Figure 1: Time series of state variables for storage stabilization policy with perfect forecast.
Figure 2: Pairwise relationships between state variables for storage stabilization policy with perfect forecast.

The fact that inflow is uncorrelated with storage may appear paradoxical at first, but it makes sense once we understand the storage variable contributes no useful information to the system, since it is unchanging over time.

With imperfect forecasts, the operator sometimes needs to increase the release to avoid overtopping the reservoir, or decrease the release to avoid negative storage. This adds noise to the relationships above, but the reservoir releases are still minimally correlated to storages.

Figure 3: Pairwise relationships between state variables for storage stabilization policy with imperfect forecasts.

Power production policy

The reservoir storage stabilization policy and Milton Friedman’s thermostat example demonstrate just one particular aspect of a much broader point: the act of controlling a dynamical system will fundamentally alter the trajectories of the system through state-space. This has important implications for how observed data from these systems should be understood.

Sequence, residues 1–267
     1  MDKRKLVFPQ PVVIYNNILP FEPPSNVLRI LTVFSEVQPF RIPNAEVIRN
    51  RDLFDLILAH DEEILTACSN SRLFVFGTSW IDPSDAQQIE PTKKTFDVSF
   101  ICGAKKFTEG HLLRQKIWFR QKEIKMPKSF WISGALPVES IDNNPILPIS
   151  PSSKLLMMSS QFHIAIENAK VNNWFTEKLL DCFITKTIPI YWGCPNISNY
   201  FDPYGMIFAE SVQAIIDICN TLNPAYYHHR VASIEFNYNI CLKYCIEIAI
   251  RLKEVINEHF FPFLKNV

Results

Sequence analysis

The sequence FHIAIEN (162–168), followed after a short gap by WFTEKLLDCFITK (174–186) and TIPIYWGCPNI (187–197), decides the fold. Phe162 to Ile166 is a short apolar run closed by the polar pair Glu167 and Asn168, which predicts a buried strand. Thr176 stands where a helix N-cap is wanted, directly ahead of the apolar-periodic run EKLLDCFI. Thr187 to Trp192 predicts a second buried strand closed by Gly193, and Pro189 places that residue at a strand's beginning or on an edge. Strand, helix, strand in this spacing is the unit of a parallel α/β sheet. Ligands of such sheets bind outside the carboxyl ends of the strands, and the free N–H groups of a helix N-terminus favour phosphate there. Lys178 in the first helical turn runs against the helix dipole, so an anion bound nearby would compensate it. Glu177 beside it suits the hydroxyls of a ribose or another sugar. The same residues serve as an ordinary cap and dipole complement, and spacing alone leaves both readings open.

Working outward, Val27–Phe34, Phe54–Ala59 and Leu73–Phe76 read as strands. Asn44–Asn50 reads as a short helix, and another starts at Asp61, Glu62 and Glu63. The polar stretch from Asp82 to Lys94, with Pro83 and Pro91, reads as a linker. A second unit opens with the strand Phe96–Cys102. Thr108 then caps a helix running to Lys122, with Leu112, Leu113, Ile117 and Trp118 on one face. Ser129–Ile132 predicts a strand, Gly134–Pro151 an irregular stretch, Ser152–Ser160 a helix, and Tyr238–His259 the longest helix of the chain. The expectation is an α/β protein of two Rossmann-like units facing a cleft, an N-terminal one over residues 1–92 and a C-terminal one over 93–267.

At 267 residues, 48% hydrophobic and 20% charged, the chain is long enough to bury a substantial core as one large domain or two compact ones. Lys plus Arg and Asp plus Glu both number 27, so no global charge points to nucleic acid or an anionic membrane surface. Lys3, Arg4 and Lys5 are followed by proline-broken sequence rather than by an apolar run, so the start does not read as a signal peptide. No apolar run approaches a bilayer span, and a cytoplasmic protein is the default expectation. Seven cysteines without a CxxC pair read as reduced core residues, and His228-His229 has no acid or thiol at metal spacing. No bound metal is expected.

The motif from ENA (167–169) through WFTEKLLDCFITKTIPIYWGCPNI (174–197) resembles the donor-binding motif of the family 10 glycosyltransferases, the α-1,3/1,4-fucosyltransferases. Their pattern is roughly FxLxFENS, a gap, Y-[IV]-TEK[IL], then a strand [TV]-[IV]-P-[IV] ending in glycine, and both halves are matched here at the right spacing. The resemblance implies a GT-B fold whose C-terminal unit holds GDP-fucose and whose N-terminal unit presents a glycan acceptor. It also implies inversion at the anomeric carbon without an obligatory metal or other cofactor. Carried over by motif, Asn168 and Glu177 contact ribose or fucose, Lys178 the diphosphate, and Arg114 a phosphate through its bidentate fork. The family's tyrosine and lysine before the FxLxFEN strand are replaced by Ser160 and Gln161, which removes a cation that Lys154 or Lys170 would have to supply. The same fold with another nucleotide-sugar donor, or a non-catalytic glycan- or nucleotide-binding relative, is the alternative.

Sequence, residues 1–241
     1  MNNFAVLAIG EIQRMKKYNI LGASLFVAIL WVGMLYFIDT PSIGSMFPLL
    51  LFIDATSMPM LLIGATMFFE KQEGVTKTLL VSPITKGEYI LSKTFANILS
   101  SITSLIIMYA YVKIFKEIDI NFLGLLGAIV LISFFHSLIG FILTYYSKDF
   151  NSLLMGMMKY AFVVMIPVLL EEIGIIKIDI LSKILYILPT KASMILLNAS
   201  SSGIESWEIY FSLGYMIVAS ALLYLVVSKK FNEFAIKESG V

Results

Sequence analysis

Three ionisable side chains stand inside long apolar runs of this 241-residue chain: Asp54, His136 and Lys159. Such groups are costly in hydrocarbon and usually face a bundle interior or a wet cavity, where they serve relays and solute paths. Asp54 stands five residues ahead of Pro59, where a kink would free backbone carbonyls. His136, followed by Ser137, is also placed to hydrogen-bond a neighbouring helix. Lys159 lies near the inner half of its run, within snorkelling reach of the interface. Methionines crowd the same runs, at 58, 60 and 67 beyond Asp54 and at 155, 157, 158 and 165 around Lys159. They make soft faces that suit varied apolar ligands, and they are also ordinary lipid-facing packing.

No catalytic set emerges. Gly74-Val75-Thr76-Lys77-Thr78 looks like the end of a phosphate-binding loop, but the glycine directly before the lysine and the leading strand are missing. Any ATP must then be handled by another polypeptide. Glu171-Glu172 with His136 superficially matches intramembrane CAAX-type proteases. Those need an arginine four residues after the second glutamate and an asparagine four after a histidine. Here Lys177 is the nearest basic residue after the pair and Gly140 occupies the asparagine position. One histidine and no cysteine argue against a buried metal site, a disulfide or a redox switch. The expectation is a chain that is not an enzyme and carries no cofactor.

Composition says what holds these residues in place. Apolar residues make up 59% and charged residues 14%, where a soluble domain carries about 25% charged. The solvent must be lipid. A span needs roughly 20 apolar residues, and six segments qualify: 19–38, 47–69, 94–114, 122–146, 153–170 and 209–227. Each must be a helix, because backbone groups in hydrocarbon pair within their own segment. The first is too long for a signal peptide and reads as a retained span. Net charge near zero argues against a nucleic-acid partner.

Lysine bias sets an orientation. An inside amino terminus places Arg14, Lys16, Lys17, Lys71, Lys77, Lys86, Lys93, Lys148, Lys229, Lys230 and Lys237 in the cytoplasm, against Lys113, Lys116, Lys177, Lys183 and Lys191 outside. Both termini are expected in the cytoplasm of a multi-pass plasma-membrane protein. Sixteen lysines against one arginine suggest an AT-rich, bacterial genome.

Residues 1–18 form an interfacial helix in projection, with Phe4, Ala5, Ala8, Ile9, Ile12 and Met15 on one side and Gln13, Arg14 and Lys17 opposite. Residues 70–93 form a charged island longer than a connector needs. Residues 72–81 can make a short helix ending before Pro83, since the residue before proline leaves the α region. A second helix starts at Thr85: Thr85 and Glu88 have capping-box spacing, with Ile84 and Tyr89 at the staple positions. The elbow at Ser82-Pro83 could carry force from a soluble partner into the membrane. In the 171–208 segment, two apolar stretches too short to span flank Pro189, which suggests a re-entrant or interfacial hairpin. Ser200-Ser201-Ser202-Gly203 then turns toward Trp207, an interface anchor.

But first, consider an alternative reservoir control policy that attempts to take advantage of power price information when making releases for the purpose of hydropower production. The power price has a mean of 10 and lower persistance than the inflow distribution. We assume the following simple set of rules: (1) when price is below 8, release S/4 MG; (2) when price is between 8 and 12, release S/2; (3) when price is above 12, release (S + I*/2). Again, we also adjust the release to avoid overtopping the reservoir or incurring negative storages. Despite the simplicity of this policy, it produces surprisingly complex dynamics.

Figure 4: Time series of state variables for power production policy with perfect forecast.
Figure 5: Pairwise relationships between state variables for power production policy with imperfect forecasts.